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New York City's 'People's Opera' May Face Its Final Curtain

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New York City's 'People's Opera' May Face Its Final Curtain

New York City's 'People's Opera' May Face Its Final Curtain

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  • <iframe src="" width="100%" height="290" frameborder="0" scrolling="no" title="NPR embedded audio player">
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The New York City Opera was nicknamed The People's Opera when it was founded 70 years ago. It's always been a low cost alternative to the more upscale Metropolitan Opera. City Opera featured innovative productions and great American voices, such as Beverly Sills. But the company has fallen on hard times.

Jeff Lunden reports if it doesn't raise $7 million this month, it will have to cancel the rest of this season.

UNIDENTIFIED WOMAN: (Singing) (unintelligible)

JEFF LUNDEN, BYLINE: There are lots of operas which end with heroines on their death bed, singing one glorious aria before they die. That's what happens at the end of "Anna Nicole," the controversial new work which New York City Opera is presenting at the Brooklyn Academy of Music next week. But the company's artistic director and general manager, George Steel, says it could also be City Opera's last gasp.

GEORGE STEEL: The issue is this: We don't have any credit, we don't have any working capital, and so we are managing our cash incredibly carefully. But it doesn't take much to knock us off our game, we're so vulnerable.

LUNDEN: When Steel took over City Opera in 2009, the company was already in dire straits. A series of board and management decisions had seen the endowment shrink and an entire season was lost while City Opera's Lincoln Center Theater was being renovated. Steel presented a couple of short seasons at the arts complex, then made the controversial but cost-cutting decision to leave and perform in different venues around New York.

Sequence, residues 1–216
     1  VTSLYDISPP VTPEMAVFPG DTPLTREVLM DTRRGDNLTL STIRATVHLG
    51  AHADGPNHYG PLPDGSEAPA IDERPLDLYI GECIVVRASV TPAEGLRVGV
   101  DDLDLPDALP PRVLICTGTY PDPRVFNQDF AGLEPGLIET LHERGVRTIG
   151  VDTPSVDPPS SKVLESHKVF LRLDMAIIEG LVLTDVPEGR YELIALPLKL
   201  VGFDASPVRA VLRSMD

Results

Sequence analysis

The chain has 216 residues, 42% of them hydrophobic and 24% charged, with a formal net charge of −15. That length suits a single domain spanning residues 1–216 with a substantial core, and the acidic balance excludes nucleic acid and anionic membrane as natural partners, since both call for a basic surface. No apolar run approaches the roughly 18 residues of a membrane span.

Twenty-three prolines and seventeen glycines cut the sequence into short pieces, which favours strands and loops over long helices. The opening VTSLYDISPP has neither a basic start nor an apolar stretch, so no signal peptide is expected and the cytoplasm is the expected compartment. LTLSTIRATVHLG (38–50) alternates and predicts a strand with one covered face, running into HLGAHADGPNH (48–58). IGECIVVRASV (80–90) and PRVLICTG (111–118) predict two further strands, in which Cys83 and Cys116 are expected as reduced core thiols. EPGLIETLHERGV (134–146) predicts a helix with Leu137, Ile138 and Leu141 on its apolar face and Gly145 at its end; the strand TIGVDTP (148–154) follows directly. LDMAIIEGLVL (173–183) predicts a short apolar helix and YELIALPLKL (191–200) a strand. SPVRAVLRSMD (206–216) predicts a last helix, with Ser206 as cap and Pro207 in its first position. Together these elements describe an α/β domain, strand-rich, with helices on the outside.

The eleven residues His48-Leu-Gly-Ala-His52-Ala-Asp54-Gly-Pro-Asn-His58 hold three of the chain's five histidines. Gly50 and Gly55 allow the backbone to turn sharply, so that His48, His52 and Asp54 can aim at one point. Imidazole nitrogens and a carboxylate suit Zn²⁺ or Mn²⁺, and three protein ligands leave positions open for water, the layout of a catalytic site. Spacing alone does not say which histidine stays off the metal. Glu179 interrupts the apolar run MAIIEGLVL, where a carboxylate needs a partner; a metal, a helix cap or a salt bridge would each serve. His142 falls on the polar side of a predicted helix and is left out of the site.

STEEL: Leaving Lincoln Center is a part of what makes it tough to raise money. But also, leaving Lincoln Center saved our lives. If we were still at Lincoln Center, we would have closed. We saved probably five or $6 million a year by not being there.

LUNDEN: Anthony Tomassini, chief music critic of The New York Times, says the results have been mixed.

ANTHONY TOMASSINI: The idea of the nomadic company going from neighborhood to neighborhood was an intriguing idea. But it also seemed potentially full of problems and challenges, in that there would be no identity. But the actual work that George Steel has produced has been quite good.

LUNDEN: Just to get through this season, the company needs to raise $7 million. And to present next season, they need to raise an additional $13 million by the end of the year.

GAIL KRUVAND: We're shocked and angry and sad.

LUNDEN: Gail Kruvand has played bass in the orchestra for 22 years. She says the musicians found out about the cash crisis via email and the orchestra committee is demanding George Steel's resignation.

KRUVAND: We've experienced it; the new model, the sustainable model for the New York City Opera that apparently isn't sustainable. We're looking at this season, 22 performances. We used to do 122 at Lincoln Center.

LUNDEN: New York Times critic Anthony Tomassini hopes an angel can come along and save the company.

TOMASSINI: I'm looking forward to "Anna Nicole" and I certainly hope it's not the last production that the New York City Opera presents.

LUNDEN: New York City Opera has begun a Kickstarter campaign to raise $1 million from the company's fans by the end of the month. As of this afternoon, only about $55,000 had been pledged.

For NPR News, I'm Jeff Lunden in New York.

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